Today, I continue to produce 85 percent of my Nanette Lepore line in New York City. (Many of the knitting mills in the U.S. have closed, making it very difficult to produce sweaters domestically, and hand beaded and heavily embellished garments are also difficult to produce here because of the extreme cost. These items account in large part for the items manufactured elsewhere). I still work with some of the same factories from back in my East Village days. Without their support I could never have succeeded in business. Having my entire team and factory support system all within four blocks and two avenues is one of the main reasons my business has achieved so much success.


WNET reports on “Made in Midtown,” a project that explored the relationship between the garment district and the surrounding neighborhood.  Designers Nanette Lepore and Yeohlee Teng were interviewed for the video.

The future designers of America deserve the same opportunity that I had 25 years ago, and it is the proximity of the resources in the garment center that make this neighborhood a research and development hub for fashion design. This originality creates the interest that draws the buyers and press from all over the world to come for markets and fashion week.

The numbers behind New York’s fashion industry point to the importance of the garment district:

  • The city’s biannual Fashion Weeks generate $773 million in direct visitor spending a year, making fashion one of the largest industries in New York City.
  • There are 856 fashion companies headquartered in New York City; that’s more than Paris, Milan, and London combined.
  • The New York fashion industry employs 165,000 people. Of those people, 24,000 work in manufacturing jobs.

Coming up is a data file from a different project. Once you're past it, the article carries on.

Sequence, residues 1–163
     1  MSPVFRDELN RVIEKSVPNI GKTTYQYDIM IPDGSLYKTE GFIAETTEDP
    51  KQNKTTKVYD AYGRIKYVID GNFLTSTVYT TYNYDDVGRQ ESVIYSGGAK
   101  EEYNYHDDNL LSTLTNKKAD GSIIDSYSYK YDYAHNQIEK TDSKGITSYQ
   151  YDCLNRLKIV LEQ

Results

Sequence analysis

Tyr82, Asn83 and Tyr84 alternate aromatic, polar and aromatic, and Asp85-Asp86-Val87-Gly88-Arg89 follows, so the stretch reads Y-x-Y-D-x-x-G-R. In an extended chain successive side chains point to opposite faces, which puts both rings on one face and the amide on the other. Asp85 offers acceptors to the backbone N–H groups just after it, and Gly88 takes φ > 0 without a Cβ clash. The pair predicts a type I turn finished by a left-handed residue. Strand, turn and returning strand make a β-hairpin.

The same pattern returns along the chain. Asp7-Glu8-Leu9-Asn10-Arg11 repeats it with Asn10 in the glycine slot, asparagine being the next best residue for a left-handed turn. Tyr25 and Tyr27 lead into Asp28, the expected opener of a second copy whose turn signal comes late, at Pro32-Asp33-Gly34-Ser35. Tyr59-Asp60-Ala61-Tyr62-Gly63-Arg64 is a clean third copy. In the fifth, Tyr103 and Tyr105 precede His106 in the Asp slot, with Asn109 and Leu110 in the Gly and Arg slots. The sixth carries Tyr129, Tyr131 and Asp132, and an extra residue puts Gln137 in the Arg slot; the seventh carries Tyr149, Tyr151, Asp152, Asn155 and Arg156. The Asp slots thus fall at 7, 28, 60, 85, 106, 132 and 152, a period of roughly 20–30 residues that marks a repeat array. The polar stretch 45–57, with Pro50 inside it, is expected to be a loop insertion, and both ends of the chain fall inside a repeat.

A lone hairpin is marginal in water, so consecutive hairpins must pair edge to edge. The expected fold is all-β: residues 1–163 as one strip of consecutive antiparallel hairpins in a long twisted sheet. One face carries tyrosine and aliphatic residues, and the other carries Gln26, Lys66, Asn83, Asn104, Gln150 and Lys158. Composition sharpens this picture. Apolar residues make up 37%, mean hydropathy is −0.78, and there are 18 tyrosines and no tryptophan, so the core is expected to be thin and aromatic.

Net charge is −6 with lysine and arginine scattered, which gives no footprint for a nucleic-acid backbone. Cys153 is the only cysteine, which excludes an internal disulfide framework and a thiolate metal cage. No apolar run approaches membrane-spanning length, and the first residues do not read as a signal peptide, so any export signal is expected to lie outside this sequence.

• The industry generates $9 billion in total wages and $1.7 billion in tax revenues here.

Leo Andrade and Vicente Lescano, who both work for Nanette Lepore as fabric cutters, joined hundreds at a Save The Garment Rally in New York in 2009. The goal of the gathering was to show industry support for the garment center. Photo courtesy of Nanette Lepore.

If we lose our manufacturing infrastructure, we risk losing future generations of emerging designers, and losing our status as a leader in the world of fashion. We can only sustain a future for American fashion by supporting the American manufacturing base, and fully utilizing its potential. The factories and suppliers in the garment district already provide the infrastructure to support an increase in production, but they are currently operating at just 60 percent capacity. They are ready, willing and capable of immediately taking on more work.

Consumers have enormous power to signal their desire for more Made in America garments with their purchases. We need to encourage established American designers to bring some manufacturing back from overseas. By buying American and asking your favorite brands to manufacture more in the USA, and New York City, you can help ensure a future for jobs in American fashion.

Nanette Lepore founded her namesake brand in New York City’s garment center in 1992. Known for her signature prints, bold colors and flawless fit, Nanette Lepore has become a premier name in contemporary American fashion.